“You can tell that they’re fighting and they’re defending with a purpose,” he said. “And you have great admiration and compassion for someone who does that. I’m a little bit in awe that they’ve been able to defend themselves so well.”

Adams’ voice strained when he said he felt “sick” thinking about families being “broken up” while making sacrifices for their country.

“Moms and children leaving. Husbands staying. Grandparents. A grandfather, 80 years old, shows up with some sandwiches in his briefcase and says, ‘Give me a gun, I’m fighting for my,’” Adams trailed off, pausing for a moment as he teared up, “‘I’m fighting for my grandkids.’”

He was referring to a photo that’s gone viral of a Ukrainian man who wanted to enlist in the army, tweeted by former First Lady of Ukraine Kateryna Yushchenko.

“How does that not get to you?” Adams said. “What’s happened is wrong.”

Adams was also audibly frustrated and passionate about the U.S. providing economic aid to Europe, especially Germany, which has become especially reliant on Russia for natural gas.

“Try to get natural gas through California to a port to Germany. Our energy policies restrict that. It’s just a shame,” Adams said. “So what we did is we forced Germany, instead of being a good friend, to let Utah provide their natural gas, we forced them to go to Russia.”

Russia’s invasion of Ukraine has sent the global markets reeling, but Europe’s energy market is in particular upheaval. Europe receives 40% of its natural gas supply from Russia, with most of it flowing through a pipeline managed by a Russian state-owned company that runs directly through Ukraine, according to Fortune.

“We sit here with the capacity of giving them natural gas, but we don’t have a port, we don’t have a way to get to it,” Adams said. “We need to change that policy. We have allies. We shouldn’t force Europe to be dependent on Russia. And we need to have an energy policy that allows us to take our excess natural gas, which we have a lot of, and get it to Germany. I’d like to see that change.”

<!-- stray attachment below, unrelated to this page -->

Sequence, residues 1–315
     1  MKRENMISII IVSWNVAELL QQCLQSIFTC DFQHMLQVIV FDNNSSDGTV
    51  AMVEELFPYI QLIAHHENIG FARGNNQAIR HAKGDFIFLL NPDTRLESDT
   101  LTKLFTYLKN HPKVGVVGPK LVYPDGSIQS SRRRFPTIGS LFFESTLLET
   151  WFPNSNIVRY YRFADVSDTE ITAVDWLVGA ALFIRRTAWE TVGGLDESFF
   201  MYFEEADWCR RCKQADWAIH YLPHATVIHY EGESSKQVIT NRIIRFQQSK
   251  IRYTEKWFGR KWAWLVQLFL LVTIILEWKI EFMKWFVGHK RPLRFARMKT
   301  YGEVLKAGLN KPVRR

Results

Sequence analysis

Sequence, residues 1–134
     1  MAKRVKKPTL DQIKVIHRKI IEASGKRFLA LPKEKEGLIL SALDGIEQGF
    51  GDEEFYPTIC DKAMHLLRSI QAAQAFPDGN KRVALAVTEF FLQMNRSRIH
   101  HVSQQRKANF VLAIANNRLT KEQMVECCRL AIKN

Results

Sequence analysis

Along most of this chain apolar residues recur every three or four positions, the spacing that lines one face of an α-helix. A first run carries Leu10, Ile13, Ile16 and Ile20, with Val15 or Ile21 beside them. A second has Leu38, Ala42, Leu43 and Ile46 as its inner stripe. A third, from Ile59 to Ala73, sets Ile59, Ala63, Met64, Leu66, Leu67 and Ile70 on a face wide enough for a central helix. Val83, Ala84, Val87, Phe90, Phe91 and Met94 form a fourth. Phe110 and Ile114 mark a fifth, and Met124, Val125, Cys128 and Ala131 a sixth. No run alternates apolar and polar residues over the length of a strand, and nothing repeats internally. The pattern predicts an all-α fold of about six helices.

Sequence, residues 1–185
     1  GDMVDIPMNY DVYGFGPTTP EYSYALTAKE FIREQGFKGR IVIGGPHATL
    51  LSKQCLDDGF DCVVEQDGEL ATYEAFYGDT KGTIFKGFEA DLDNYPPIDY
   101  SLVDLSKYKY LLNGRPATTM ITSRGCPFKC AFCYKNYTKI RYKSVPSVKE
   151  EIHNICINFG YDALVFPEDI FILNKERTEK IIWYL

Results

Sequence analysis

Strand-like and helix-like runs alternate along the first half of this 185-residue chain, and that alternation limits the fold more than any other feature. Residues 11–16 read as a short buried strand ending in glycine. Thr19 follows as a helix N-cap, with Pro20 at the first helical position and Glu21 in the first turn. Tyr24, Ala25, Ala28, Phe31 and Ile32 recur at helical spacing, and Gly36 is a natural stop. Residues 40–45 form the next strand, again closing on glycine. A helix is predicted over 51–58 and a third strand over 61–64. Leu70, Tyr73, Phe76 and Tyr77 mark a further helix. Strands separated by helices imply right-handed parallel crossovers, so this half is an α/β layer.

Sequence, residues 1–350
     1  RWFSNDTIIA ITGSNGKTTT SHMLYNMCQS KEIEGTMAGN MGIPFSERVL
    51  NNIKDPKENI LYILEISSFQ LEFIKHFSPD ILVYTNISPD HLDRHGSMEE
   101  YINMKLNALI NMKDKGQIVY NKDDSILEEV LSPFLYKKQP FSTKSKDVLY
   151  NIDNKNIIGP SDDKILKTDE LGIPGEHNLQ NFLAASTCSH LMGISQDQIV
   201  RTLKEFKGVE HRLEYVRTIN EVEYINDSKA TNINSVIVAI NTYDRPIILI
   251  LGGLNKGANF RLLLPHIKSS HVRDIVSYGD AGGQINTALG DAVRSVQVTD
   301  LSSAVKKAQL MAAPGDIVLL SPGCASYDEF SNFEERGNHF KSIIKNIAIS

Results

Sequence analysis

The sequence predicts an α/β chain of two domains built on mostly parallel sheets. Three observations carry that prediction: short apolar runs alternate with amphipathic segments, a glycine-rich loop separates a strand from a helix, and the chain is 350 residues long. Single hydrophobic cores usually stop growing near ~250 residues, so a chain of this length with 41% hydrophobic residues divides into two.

Adams said the U.S. needs to “deal with this now.”

“It is a matter of not our national security, but the world’s national security. Energy is key to it,” he said.

Asked about California’s cold reception to Utah’s port proposals in the past, Adams acknowledged that it’s not a likely solution. “And it’s really sad. That’s why I say we need to rethink (policies).”

“We all love green energy,” Adams added, saying the U.S. is already taking big steps toward renewable energy. “But we should make the transition to renewables at the kind of costs and expenses that we’re seeing, especially as you see what’s going on internationally and nationally.”

Adams said that should be able to be done without raising gas prices or inflationary pressures.

“So I think our energy policy needs to be re-looked at, and I think we need to do it fast,” Adams.

One of Utah’s Democratic legislative leaders, Senate Minority Whip Luz Escamilla, D-Salt Lake City, agreed with Adams, saying the U.S. needs to find a way to help, and a “good way” would be exporting some of its energy.

“We need to be strategic at this point, not only for the sake of Ukraine, but for the sake of the world,” Escamilla said, expressing concern that Putin “won’t stop” with Ukraine.

“In order for the world to unite, we need to find solutions because there is a codependency, unfortunately, on Russia. And that’s what’s been driving a lot of opportunity by this man, who needs a lot of mental help I’m sure, to stop the madness,” Escamilla said, referring to Putin.

Escamilla said the U.S. is in a “unique position.” States are limited in their ability to provide help, but Utah leaders want to “show our love.”

“This is a world crisis,” she said. “We can’t stop right now. We need to find solutions that are practical.”

Utah, along with other states, has already enacted a boycott on Russian products. Utah Gov. Spencer Cox on Saturday ordered all Russian vodka to be pulled off Utah’s state-run liquor store shelves immediately.